By RFE RL
By Mike Eckel
(RFE/RL) — U.S. President Donald Trump has called for readmitting Russia into the Group of Seven (G7) leading industrialized nations, a call that puts him directly at odds with some of the United States’ closest allies.
The suggestion from Trump, made on June 8 on the eve of a summit of G7 leaders, was the latest in a string of conciliatory statements by him toward Moscow, a stance that has clashed with many congressional Republicans and Democrats, as well as large parts of the U.S. foreign policy establishment.
Russia was expelled from the group four years ago after annexing Ukraine’s Crimea Peninsula and sparking a war in eastern Ukraine that has killed more than 10,300 people.
Speaking to reporters outside the White House, Trump said Russia deserved to rejoin the group.
“Why are we having a meeting without Russia in the meeting?” he said. “They should let Russia come back in because we should have Russia at the negotiating table.”
The call threatens to further strain what was shaping up to be a tough summit for the G7, whose members have also been clashing with the Trump administration over a looming trade war.
Aside from the United States, the G7 consists of Canada, France, Germany, Italy, Japan, and Britain.
Canada, which is hosting the summit, responded quickly, saying it remains opposed to readmitting Russia.
European Union President Donald Tusk, who was also attending summit, also rejected Trump’s suggestion.
“Let’s leave the G7 as it is…it’s a lucky number at least in our culture,” he said.
In Italy, meanwhile, a spokesman for the new populist government that has signaled a similarly conciliatory approach toward Moscow said Rome agrees with Trump’s call. In Moscow, Kremlin spokesman Dmitry Peskov was quoted by Russian news agencies as saying that Russia is “focusing its attention on formats other than the Group of Seven.”
Trump, who arrived in Canada around midday, was scheduled to meet with French President Emmanuel Macron later in the day.
In Moscow, Kremlin spokesman Dmitry Peskov was quoted by Russian news agencies as saying that Russia is “focusing its attention on formats other than the Group of Seven.”
Since before taking office, Trump has repeatedly called for a more conciliatory approach to Moscow, criticizing some of the harder-line policies put in place by his predecessor, Barack Obama.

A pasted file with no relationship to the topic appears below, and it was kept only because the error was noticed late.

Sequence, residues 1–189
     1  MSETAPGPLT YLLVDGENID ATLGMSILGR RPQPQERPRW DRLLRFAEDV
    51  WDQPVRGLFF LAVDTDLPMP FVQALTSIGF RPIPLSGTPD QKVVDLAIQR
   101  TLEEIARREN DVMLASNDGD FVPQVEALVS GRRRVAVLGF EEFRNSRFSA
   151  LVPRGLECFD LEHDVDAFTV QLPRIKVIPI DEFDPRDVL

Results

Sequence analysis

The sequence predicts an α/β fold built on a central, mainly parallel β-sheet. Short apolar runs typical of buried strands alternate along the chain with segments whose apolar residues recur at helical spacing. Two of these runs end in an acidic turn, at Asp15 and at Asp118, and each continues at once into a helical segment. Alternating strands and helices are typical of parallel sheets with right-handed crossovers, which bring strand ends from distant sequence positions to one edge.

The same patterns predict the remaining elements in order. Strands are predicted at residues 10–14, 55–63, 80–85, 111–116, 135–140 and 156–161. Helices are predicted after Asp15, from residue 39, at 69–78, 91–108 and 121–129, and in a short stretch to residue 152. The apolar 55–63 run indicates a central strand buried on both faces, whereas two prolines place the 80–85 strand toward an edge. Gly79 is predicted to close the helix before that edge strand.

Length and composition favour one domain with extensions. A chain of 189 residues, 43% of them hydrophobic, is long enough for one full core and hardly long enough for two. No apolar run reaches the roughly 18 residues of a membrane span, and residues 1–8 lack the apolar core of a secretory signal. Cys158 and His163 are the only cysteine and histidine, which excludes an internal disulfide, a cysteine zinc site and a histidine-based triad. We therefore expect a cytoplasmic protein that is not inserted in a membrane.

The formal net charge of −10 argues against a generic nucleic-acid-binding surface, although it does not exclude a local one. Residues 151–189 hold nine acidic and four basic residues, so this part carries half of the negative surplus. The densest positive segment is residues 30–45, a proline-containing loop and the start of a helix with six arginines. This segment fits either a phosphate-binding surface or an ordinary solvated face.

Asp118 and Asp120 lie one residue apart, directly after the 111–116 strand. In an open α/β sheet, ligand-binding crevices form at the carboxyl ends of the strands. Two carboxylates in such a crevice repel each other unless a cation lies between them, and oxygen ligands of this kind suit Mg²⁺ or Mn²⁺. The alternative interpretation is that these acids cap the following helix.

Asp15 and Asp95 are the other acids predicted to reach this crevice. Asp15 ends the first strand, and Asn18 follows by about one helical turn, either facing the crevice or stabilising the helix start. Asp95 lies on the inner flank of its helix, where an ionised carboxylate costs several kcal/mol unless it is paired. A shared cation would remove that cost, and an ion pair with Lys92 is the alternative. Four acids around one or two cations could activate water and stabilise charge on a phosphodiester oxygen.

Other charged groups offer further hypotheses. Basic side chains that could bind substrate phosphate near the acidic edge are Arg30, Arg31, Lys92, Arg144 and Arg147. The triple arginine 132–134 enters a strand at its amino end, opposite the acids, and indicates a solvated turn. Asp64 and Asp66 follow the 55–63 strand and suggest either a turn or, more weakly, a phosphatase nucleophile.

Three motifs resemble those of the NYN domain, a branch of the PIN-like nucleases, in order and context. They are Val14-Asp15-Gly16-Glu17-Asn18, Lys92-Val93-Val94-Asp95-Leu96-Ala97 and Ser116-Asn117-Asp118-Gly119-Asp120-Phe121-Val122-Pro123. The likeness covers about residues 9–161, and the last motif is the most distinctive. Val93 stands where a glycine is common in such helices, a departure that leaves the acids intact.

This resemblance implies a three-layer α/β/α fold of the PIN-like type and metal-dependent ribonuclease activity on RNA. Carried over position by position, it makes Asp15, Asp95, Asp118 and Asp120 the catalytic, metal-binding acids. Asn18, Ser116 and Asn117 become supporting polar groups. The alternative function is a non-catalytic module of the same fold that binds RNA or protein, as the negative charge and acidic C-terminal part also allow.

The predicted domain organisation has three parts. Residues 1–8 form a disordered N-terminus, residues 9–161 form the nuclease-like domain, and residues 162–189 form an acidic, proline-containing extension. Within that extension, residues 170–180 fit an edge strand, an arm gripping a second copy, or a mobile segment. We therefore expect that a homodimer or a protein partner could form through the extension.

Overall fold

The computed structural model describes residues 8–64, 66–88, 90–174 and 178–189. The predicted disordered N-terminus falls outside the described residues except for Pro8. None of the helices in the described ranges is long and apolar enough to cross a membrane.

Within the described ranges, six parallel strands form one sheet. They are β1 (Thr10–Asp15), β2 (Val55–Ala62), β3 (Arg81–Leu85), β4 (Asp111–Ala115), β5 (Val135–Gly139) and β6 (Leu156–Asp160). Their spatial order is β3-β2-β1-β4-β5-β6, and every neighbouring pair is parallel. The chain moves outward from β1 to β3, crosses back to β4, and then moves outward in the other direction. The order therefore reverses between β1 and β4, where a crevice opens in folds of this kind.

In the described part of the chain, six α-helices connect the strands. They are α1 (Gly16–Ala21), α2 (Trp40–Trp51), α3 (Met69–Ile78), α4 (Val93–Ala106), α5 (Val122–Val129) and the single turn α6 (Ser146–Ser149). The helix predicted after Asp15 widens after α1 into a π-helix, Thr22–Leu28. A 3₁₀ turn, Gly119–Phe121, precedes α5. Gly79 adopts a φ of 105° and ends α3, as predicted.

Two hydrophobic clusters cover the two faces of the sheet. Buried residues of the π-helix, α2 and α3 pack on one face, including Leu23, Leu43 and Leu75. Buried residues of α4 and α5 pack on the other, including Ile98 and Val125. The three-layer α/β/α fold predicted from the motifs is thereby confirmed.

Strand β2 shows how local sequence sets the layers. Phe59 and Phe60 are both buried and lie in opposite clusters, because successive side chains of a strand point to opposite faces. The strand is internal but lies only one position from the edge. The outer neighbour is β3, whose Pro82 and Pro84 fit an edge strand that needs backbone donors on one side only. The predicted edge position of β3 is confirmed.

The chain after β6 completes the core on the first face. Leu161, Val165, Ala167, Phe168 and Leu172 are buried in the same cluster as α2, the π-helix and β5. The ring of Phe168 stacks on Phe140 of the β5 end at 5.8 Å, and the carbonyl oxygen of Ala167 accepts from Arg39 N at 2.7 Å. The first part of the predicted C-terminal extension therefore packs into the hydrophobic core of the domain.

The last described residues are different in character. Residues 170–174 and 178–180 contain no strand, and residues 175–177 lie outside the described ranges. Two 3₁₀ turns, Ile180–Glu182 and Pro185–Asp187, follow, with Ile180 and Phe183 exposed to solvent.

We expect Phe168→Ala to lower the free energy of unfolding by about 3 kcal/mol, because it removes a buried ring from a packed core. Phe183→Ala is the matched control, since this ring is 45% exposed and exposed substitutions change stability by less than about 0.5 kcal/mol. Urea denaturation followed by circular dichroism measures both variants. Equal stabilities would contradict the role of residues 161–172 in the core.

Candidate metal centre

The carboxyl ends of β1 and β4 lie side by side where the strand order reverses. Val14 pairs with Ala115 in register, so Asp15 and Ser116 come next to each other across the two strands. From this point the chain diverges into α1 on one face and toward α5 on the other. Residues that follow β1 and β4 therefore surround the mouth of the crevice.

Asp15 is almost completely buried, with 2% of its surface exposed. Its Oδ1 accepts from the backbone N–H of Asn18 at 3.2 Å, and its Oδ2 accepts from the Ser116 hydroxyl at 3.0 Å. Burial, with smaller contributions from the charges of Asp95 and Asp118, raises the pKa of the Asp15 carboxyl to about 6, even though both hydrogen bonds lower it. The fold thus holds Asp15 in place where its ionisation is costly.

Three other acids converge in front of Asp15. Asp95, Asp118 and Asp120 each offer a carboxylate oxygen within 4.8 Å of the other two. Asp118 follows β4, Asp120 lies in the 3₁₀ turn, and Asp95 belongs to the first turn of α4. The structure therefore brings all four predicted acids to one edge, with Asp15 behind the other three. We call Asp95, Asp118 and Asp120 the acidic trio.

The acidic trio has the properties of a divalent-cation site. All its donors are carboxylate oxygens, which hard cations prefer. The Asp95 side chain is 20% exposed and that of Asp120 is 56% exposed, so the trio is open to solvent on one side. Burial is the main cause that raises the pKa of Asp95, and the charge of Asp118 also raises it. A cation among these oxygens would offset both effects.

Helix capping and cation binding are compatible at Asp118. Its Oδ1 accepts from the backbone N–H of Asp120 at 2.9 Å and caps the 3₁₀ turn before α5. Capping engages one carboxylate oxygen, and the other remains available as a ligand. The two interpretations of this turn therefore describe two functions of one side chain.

Those calls, however, have been met with direct and indirect pushback in Congress, as well as by some of his top advisers.
Over his objections, U.S. lawmakers overwhelmingly passed a sweeping sanctions bill last year that imposed tough new punishments on Moscow for its actions in Ukraine, Syria, and other matters.
In the United States, Trump’s comments drew criticism from some fellow Republicans, including Senator John McCain, who slammed Trump for treating Putin with “the deference and esteem that should be reserved for our closest allies.
“Those nations that share our values and have sacrificed alongside us for decades are being treated with contempt,” he said in a statement. “This is the antithesis of so-called ‘principled realism’ and a sure path to diminishing America’s leadership in the world.”
Other Republicans chiming in included John Kasich, the Ohio governor who challenged Trump in the 2016 election and has signaled he may do so again in 2020.
“Russia was kicked out of the G8 because of its invasion and annexation of Crimea,” he said.
Trump’s call also comes amid the continuing criminal and congressional investigations into what the U.S. intelligence community concluded was a campaign by Moscow to use propaganda and hacking to influence the 2016 U.S. presidential election.
Trump has repeatedly attacked the criminal probe by Special Counsel Robert Mueller, whose investigation has so far indicted 19 people and three companies on various related charges.
Among them are Trump’s first national security adviser, as well as his former campaign chairman, Paul Manafort, who was expected in U.S. federal court on June 8 amid allegations that he sought to tamper with witnesses in Mueller’s probe.
Five people have pleaded guilty to date.